A Boy and His Bot
Author: Daniel H. Wilson
Length: 280 minutes / 4.67 hours
Daniel H. Wilson knows how to write about robots. From How to Survive a Robot Uprising to Robopocalypse, he has taken the same material and re-packaged it in different forms. The tongue-in-cheek “guide” of How to Survive a Robot Uprising was more entertaining than the journal-entry styled Robopocalypse, but mostly because of its humor. In A Boy and His Bot, Wilson takes his knowledge of robots and wraps it in a children’s fantasy book. Somehow, this method worked better than the two books I’ve already mentioned, leaving me entertained and educated, but with a sincerity of story that was heartwarming.
Taking cues from works like The Wizard of Oz, The Chronicles of Narnia, and Alice in Wonderland, A Boy and His Bot immerses the reader in a world entirely comprised of robots. Via the stranger-in-a-strange-land approach, this book explores the many characteristics and traits that make robots different from humans. Often, these quirky characters have a lesson about robotics embedded within them. For example, through the “atomic slaughterbot,” we learn a bit about 3-D printing. There are also lessons about “linked” robots, biomechanical augmentation, and programming, even if they might not be apparent to the target audience.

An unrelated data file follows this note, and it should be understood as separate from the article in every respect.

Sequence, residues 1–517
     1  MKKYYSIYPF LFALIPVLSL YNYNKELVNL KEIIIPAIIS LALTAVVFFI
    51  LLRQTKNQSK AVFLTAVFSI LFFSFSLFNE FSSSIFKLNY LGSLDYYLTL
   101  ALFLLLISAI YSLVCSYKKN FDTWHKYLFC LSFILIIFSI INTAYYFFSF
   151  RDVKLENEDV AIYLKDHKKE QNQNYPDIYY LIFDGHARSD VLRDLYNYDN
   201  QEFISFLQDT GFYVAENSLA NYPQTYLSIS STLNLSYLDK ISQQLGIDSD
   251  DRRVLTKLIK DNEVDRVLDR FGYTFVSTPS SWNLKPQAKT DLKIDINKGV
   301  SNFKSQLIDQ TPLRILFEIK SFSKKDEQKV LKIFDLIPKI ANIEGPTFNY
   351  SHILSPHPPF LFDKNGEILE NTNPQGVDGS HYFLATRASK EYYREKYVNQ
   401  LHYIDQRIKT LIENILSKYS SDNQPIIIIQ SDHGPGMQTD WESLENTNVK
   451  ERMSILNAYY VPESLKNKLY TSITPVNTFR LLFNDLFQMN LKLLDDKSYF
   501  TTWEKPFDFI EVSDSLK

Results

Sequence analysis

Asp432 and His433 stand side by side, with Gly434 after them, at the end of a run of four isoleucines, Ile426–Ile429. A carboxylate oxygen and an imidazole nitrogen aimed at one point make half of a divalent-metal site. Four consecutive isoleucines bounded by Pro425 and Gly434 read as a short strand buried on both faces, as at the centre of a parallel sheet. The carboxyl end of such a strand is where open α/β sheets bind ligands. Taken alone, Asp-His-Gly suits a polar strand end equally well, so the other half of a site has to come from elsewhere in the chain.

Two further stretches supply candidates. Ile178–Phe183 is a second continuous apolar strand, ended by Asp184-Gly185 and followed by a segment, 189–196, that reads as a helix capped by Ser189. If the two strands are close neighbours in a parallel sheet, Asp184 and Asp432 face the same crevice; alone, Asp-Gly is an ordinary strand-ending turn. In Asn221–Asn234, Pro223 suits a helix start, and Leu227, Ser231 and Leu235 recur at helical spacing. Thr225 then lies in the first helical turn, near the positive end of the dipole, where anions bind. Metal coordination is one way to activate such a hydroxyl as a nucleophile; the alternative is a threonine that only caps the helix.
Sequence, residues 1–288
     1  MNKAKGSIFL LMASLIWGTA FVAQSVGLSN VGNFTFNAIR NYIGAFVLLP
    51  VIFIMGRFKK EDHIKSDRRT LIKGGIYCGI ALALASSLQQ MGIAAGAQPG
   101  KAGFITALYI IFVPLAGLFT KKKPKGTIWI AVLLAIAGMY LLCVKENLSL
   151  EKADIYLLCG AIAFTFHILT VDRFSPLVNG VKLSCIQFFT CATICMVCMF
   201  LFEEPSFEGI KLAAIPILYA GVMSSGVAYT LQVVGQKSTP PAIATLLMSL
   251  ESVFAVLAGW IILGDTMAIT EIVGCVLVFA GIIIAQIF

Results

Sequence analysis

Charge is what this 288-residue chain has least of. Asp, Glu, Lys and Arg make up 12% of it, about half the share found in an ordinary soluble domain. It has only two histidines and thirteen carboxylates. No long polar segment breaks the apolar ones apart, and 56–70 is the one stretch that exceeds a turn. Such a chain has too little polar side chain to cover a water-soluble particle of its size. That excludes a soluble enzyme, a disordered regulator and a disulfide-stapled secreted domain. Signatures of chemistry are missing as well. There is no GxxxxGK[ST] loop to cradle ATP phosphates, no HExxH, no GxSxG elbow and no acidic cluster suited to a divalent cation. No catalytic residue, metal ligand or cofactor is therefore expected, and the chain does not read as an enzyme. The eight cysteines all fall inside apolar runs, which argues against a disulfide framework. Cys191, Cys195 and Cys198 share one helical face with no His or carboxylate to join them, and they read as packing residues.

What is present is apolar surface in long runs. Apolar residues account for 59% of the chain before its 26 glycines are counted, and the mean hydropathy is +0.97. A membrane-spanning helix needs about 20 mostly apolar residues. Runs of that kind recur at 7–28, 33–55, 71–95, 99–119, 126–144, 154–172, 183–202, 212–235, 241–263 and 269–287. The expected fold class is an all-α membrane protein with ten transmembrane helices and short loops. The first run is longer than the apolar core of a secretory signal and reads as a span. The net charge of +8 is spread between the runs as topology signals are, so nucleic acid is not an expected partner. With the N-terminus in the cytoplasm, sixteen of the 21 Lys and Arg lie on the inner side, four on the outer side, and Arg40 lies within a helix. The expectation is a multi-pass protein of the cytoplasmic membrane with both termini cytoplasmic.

While the fantasy aspect of this book was well done, I had to roll my eyes at the naming conventions of many of the characters and settings. I honestly don’t know any parents, no matter how nerdy they are, who would name their boy “Code.” Similarly, Mekhos (pronounced “Mech-ohs”) is an apt description of the world, but locations like the “Beam Stalk” are obviously pulling from more medieval fantasy tales. Despite all this, A Boy and His Bot is a fun story that will leave you entertained and could spark the interest of a young child to pursue robotics as a career choice.
A surreptitiously educational fantasy set in a world of robots, I give A Boy and His Bot 4.0 stars out of 5.